If you think we’ll be talking about this kind of peanut butter shot, think again. Nope, it’s not sweet.

To make sure our nation’s soldiers are well-equipped to accomplish their tasks and missions, we provide them with the necessary arsenals, protective gear, and training. Part of making sure they are prepared is by ensuring that they are healthy— the first two weeks of boot camp are spent doing medical evaluations and receiving different sorts of jabs left and right (literally, as injections are given simultaneously in both arms), one of which is the most dreaded, infamous peanut butter shot.  But that shot doesn’t go in your arm.


What is it?

BICILLIN® L-A. numerousvetswtf / Photo from americasbestpics.com


It is an injection of bicillin, a trading name for benzathine penicillin G. or simply penicillin, a long-acting one. As we may know, Penicillin is used to both prevent and treat bacterial infections such as pneumonia and other respiratory tract infections. This is to prepare our soldiers in extreme and harsh environments that they might be assigned in. Unless you have a penicillin allergy and can prove it, I’m afraid you can’t avoid being peanut buttered. It got the nickname “peanut butter” not because it looks like peanut butter(it’s a clear liquid), but because seems as thick as peanut butter and requires a HUGE needle. So, if you fancy being stabbed by an excruciatingly long needle on your rear cheek, then you’re in for a treat.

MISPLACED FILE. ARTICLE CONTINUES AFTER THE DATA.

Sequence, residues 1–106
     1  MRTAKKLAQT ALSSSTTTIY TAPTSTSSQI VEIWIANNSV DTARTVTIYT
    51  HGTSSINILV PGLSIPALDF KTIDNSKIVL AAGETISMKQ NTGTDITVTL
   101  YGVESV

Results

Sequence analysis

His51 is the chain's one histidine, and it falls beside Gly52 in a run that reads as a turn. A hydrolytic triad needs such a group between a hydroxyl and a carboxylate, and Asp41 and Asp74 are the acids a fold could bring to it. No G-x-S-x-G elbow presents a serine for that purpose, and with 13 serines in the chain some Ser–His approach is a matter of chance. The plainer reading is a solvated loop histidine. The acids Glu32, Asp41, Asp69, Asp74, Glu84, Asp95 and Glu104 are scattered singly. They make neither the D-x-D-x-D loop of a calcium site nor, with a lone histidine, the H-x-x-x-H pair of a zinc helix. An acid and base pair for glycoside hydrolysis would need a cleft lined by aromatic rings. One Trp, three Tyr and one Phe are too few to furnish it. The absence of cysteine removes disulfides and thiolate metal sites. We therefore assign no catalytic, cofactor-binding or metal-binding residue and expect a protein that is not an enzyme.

Why is it Dreadful?

Staff Sgt. Capricia Turner, a non-commissioned officer in charge of the Camp Atterbury Chapel, grimaces after receiving a flu shot administered by Sgt. Lenell Applewhite, immunization non-commissioned officer, for Camp Atterbury Medical Detachment, Sept. 27, in an effort to prevent the flu virus from infecting soldiers at Camp Atterbury. The senior non-commissioned officers lead by example, being the first to receive the flu vaccination. (Photo by Camp Atterbury Public Affairs, Sgt. William Hill)

Given the thick consistency of the peanut butter shot, it gets absorbed deeply and slowly by the muscles, creating a big, lumpy, red, angry lump on the ass. For the same reason, it’s not like a poke-and-go situation but rather takes forever for the injection to finish. Rumors have it that some army recruits passed out while being injected with one.

Administering the shot required the recruit to drop his skivvies and stand with all his weight on one leg and the injection was given to the buttocks muscle on the weightless side.  You were told not to tense up or it would hurt even more. This would be followed by a searing hot stab like a hornet sting and a hot burning sensation.  As you fight off the reflex to tense every muscle in your body(Good luck with that). The initial pain subsided pretty quickly and was replaced with a constant, nagging soreness the lingered for days.  Sitting down hurt like hell and you would see everyone leaning to the left in the mess halls or in classrooms trying to stay off their sore butt cheek.